Blue Origin's test tank sure looks familiar.

Copying Homework

The first images of Blue Origin's "Project Jarvis" surfaced recently, courtesy of Ars Technica, showing a hulking stainless steel structure meant to serve as a test tank for the upper stage of the company's upcoming New Glenn orbital rocket.

As many experts pointed out, the test tank bears a striking resemblance to competitor SpaceX's Super Heavy booster prototypes, the primary stage designed to launch the Elon Musk-led company's Starship spacecraft into orbit.

The comparison led to countless memes, one of which caught Musk's attention. "Hey Elon, Can I Copy Your Homework?" one Twitter account wrote, a repost of a submission to the Reddit forum /r/SpaceXMasterrace.

Musk evidently thought the sentiment was funny, replying with a laughing emoji on Wednesday — yet another jab at Blue Origin, and a sign that he still doesn't see the Jeff Bezos-led company as a serious competitor.

Vertical Landing

Blue Origin is still trying to nail down its exact approach for launching its New Glenn heavy lift-launch vehicle. According to Ars' reporting, the company still hasn't ruled out adding large wings to allow the second stage to glide back down to Earth.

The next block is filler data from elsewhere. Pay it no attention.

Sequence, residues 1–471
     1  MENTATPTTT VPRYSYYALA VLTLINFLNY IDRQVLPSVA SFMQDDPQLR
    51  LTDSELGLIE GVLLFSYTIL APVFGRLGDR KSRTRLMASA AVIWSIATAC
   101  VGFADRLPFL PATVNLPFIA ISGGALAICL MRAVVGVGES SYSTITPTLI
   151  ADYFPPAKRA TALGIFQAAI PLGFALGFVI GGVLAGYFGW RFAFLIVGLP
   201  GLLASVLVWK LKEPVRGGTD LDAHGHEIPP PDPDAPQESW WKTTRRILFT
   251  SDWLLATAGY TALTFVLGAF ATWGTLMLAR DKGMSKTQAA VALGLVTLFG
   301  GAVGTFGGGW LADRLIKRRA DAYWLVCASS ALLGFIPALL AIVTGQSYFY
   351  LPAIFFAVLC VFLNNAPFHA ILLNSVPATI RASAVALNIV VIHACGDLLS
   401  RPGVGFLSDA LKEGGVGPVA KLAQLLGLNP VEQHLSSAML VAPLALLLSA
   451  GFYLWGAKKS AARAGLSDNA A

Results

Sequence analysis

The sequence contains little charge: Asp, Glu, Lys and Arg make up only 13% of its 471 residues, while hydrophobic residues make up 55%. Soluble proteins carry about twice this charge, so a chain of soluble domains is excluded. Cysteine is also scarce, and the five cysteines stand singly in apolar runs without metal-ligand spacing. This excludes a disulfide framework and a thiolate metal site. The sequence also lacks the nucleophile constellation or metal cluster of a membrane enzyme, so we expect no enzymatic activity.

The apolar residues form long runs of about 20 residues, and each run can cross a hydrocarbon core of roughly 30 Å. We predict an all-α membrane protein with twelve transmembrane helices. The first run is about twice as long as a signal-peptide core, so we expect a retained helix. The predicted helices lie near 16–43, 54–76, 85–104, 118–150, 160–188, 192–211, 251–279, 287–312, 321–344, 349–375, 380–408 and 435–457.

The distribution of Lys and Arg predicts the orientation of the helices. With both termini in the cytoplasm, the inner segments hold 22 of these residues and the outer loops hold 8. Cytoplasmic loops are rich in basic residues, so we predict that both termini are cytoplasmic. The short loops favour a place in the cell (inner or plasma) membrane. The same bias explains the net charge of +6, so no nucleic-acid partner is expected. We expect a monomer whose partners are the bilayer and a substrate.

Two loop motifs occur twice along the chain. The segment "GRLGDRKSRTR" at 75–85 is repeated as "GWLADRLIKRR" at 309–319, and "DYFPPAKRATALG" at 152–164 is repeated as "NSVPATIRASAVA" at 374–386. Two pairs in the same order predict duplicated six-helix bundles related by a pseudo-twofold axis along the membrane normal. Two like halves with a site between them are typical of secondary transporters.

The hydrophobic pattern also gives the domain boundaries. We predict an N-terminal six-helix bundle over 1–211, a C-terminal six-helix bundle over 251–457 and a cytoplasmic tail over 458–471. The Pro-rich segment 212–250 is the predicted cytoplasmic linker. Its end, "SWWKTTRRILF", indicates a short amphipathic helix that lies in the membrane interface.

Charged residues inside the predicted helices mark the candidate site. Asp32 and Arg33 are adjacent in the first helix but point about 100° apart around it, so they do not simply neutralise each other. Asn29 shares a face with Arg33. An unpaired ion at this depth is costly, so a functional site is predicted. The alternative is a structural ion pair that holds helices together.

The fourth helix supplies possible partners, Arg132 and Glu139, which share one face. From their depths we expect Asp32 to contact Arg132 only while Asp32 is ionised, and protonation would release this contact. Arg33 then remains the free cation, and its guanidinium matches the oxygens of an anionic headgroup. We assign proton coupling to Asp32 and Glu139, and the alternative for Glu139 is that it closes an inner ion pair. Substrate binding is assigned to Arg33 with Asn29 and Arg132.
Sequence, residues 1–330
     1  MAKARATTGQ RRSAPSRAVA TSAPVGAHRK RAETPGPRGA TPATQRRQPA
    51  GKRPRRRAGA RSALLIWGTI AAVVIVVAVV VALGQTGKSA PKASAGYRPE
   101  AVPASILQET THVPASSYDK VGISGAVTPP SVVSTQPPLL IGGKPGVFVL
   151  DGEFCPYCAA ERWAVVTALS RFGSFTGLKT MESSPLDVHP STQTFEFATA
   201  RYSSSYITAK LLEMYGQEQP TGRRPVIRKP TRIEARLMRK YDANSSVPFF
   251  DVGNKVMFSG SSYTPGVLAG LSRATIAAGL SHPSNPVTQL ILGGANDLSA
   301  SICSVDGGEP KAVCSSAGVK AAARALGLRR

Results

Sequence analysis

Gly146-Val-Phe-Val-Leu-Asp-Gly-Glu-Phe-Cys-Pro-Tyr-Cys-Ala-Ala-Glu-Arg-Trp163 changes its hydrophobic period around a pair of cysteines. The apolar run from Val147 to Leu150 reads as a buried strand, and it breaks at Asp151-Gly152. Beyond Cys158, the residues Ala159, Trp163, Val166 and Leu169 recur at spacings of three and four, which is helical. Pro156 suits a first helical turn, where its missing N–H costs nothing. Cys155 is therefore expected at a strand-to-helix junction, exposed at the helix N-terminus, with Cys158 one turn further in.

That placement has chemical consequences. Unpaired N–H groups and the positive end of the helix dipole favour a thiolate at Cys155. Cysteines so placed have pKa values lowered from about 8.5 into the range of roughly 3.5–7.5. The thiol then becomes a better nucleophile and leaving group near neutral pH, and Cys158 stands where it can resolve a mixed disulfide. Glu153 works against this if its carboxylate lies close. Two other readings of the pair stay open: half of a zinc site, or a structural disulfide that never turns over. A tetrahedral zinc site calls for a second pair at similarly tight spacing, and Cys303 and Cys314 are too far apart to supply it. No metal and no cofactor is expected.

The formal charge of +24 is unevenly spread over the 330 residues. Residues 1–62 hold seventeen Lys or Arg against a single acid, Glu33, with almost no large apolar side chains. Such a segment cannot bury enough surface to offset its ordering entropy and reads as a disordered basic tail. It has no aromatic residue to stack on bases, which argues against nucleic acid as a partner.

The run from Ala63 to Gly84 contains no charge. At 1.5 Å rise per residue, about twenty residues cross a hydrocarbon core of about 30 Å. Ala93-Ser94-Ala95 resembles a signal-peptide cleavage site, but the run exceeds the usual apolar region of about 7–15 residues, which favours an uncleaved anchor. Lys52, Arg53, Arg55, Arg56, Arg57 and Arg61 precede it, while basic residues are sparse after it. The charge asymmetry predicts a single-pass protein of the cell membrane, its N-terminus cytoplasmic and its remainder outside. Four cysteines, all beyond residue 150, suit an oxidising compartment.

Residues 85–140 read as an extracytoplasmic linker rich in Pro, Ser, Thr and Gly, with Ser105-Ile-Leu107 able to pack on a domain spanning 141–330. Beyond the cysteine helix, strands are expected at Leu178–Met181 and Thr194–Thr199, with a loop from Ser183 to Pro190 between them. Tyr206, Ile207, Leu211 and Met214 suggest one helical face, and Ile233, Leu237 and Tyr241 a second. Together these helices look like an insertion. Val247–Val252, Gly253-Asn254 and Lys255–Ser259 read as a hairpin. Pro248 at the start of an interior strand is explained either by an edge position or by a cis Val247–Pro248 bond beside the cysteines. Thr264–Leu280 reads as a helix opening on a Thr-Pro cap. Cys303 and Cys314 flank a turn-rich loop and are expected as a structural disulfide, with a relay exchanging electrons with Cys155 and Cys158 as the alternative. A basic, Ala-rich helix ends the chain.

It's far more likely that Blue Origin will opt for a familiar procedure: using the stage to launch the New Glenn spacecraft, separating, and then landing vertically — just like SpaceX's Super Heavy booster.

Either way, it's likely that Blue Origin's continued developments will lead to further derisive comments from team SpaceX about how the company is playing catch up with the competition.

That's in no small part due to the fact that Blue Origin has been fighting tooth and nail to be part of NASA's upcoming Artemis missions to the Moon. SpaceX emerged as the only winner of the space agency's recent Human Landing Systems contract, drawing the ire of Blue Origin's leadership, prompting an angry lawsuit against NASA by Bezos' company.

It's a bitter race, and these billionaires are willing to throw a ton of money to emerge as the commercial super heavy-lift system of choice. It's a high risk, high reward game that's bound to make at least some of them the butt of many jokes still to come.

READ MORE: First images of Blue Origin’s “Project Jarvis” test tank [Ars Technica]

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